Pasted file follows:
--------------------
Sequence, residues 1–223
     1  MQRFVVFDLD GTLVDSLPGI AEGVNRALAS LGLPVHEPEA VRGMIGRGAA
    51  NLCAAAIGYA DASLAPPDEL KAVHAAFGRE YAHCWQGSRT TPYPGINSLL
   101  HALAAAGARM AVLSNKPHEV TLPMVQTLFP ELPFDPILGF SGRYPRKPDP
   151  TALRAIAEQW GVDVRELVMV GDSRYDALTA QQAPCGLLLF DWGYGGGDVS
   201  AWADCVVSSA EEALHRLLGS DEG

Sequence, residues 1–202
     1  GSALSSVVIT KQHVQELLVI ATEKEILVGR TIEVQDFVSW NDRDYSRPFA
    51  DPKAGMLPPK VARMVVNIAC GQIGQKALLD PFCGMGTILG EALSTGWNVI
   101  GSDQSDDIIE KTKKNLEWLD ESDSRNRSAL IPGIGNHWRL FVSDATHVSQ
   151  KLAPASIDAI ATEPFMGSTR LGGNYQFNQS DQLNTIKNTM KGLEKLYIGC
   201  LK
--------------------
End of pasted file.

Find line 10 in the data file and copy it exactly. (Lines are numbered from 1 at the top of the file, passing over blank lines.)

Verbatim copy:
   101  GSDQSDDIIE KTKKNLEWLD ESDSRNRSAL IPGIGNHWRL FVSDATHVSQ